It's hard to believe that seven years have passed since this book was published, and there's still disagreement about where it belongs. The conventional wisdom has it that it's the sequel to Cosmos--probably because it's the only the second book (along with the unfairly neglected Comet) Sagan wrote after Cosmos to have much to do with astronomy.
But Pale Blue Dot is only partly about astronomy. In the 15 or so years that separated the two books, Sagan seems to have acquired a much more political perspective on science and exploration, and it finds its way repeatedly into the later book. Time and again, we find ourselves confronted not only with what's out there, but what *should* be out there--and who.
The central motivation behind this book is the observation that manned space exploration has foundered since the end of the Apollo project in the early 1970s, in large part because of the lack of any coherent direction. As Sagan describes throughout the book, robotic exploration can be so successful, with no risk to human life, that we're left wondering what reasons could possibly justify sending people back out into space.
Sagan's proposed justifications might surprise some people who haven't yet read this book. They have little to do with the spirit of exploration (although he surely views that as an ancillary feature), or the need to have on-demand human intelligence at the site of new discoveries.
Rather, he takes a global view of the human species. Provided that we can put our social affairs in proper order, he poses, what are the dangers to humans and civilization? The short-term danger is provided by humans themselves, through their aggressiveness and short-sightedness. Voyager 2's photo of the Earth as a single cerulean pixel, taken from 5 billion kilometers away, is a kind of metaphorical plea for perspective, and the inspiration for the book's title.
Sagan's view of the long-term danger places substantial weight on the asteroid/comet impact risk, the same sort that is understood to have brought about the end of the dinosaurs. It is essential, he asserts, to have humans spread out from Earth--both to perform reconnaissance of possible impactors, and as a way to ensure the continuance of the species, should our home planet be rendered inhospitable (either through external or internal dangers).
Sagan naturally hopes it doesn't come to potential extinction, so the bet is on reconnaissance and defense. And what should we do if an asteroid is discovered to be on a potential collision path? The proposed response, nowadays, is to deflect the asteroid into some other, harmless orbit. But Sagan has a warning for us. He's concerned that this same technology could be used for harm by some madman, by turning it upside-down: deflecting some harmless asteroid into another, cataclysmic orbit.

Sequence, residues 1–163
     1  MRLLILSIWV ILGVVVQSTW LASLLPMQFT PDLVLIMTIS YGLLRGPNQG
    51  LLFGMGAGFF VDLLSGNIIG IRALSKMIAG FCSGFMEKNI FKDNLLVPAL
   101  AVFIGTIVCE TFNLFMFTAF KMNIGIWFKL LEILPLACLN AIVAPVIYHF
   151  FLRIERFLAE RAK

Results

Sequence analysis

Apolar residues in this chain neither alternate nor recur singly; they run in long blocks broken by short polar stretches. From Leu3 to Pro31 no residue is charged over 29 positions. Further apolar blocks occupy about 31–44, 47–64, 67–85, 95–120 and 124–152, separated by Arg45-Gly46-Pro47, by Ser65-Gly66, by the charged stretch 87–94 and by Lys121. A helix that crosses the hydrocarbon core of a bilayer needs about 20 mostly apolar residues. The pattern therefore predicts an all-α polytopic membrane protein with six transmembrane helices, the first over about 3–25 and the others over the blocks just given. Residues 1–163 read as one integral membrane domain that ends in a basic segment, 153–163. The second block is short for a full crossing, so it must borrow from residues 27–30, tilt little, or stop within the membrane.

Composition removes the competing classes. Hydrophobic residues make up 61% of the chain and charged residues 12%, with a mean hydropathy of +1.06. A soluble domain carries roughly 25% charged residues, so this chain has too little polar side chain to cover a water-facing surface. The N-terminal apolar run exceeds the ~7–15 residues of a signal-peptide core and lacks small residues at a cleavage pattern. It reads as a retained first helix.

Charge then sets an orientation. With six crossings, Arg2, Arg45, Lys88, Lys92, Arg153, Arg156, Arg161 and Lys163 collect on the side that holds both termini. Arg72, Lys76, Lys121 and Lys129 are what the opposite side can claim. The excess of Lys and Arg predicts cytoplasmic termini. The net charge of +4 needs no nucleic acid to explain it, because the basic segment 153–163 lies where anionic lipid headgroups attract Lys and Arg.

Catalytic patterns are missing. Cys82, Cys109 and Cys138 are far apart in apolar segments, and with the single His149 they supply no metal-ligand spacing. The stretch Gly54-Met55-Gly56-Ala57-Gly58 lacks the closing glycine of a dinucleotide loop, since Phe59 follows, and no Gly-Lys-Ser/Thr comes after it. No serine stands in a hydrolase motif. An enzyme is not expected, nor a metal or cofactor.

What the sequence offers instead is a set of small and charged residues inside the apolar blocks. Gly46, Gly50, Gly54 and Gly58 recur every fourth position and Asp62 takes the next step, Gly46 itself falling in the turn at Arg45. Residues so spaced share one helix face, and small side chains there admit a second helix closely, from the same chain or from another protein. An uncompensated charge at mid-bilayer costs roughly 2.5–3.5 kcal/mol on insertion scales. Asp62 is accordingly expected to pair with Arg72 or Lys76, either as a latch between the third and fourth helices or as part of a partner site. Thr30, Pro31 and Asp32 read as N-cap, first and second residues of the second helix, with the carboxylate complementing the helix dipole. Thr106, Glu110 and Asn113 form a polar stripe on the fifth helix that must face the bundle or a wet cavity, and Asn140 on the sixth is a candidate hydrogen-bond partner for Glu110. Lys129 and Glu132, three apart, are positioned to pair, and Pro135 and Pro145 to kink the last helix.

This concern doesn't ring true for me. Sagan claims that if you can do one, you can do the other, but that's patently false: There are so many more harmless orbits than harmful ones that if your aim is only so-so, deflection is *much* easier than direction. On the other hand, raising the issue for discussion at all is a healthy idea, even if the risk is eventually judged to be minor.
The focus in Pale Blue Dot, then, is not on the science, but the engineering and the politics: How shall we revive the manned space program, what form should it take, how shall we manage it so as not to place too great a strain on human maturity? That's not to say there's no straight science in Pale Blue Dot. Sagan gives an update on the Voyager explorations of the outer solar system, from Saturn to Neptune, as well as the dramatically better picture we have of Venus, due to Magellan. But the emphasis isn't on what we know and how we know it, as it was in Cosmos, but on the behind-the-scenes work on making the science possible. It's notable that Sagan spends quite some time describing the successful efforts of NASA engineers in rescuing the Voyager explorers from mission-endangering faults. It's an inspiring narrative of heroic action--but it's also lobbying.
And perhaps that's the best way to look at it. In this book, Sagan is fighting as hard as he can for the space program, in which he believed, passionately. He is ready to recognize its certain flaws, but he is unabashed in his prejudices. In the end, perhaps not everything he tries works, maybe certain arguments are a reach, but as always, he makes us think, and it's a worthy and valiant addition to the Sagan canon.